Amy, I'm using I'm adding that word to my 2024. I'm writing it on my board. You write it on your board too.

Dr. Amy Hamilton [:

Oh, you've been directed you must've sustain.

Mark Senell [:

Yeah.

Carolyn Ford [:

Yeah. I love that. Alright. You wanna ask the next Tech Talk?

Mark Senell [:

Yes. So so, Amy, you know, you're you're you're in academia. You you teach a lot of people. What advice Would you give to professionals that are looking to grow their careers?

Dr. Amy Hamilton [:

I would just say network and don't be afraid. And I think that one of the things is a lot of times, like, we have these fears that hold us back. And one of the things I've really seen is this, you know, I'll have students who are sorta, like, shy or timid. They're not willing to, like, put themselves out there. And once you do, you just kinda see them blossom and grow. And so A lot of times, we're we're afraid, like, maybe, you know, you're you're outside your comfort zone. You're gonna be made fun of. This is not really your skill set.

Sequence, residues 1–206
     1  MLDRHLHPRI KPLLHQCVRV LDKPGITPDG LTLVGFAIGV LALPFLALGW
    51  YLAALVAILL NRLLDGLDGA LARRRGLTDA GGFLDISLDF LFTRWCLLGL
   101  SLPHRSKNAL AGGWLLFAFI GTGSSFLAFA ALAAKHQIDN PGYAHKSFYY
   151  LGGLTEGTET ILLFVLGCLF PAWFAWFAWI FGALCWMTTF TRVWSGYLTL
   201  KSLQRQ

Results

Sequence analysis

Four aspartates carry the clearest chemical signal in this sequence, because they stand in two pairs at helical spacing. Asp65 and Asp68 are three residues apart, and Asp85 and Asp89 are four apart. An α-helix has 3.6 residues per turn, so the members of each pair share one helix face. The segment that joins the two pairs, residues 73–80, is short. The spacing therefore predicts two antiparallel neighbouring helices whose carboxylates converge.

Dr. Amy Hamilton [:

Maybe you're not the best writer. Maybe you're not the best presenter. Most of my classes, I have that accommodation of you must write a paper and you must present. It seems like the people who write papers don't wanna present or vice versa. Right? And I and just like we're doing right now, you know, you have to be able to talk and have, like, good interaction and get your main points across, but then also you have to do well on the papers and the written work, but also just the human interaction. Like, don't be afraid to talk to people. I mean, you know, I mean, Carolyn at Billington. I mean, we wouldn't know if she hadn't just said, hey.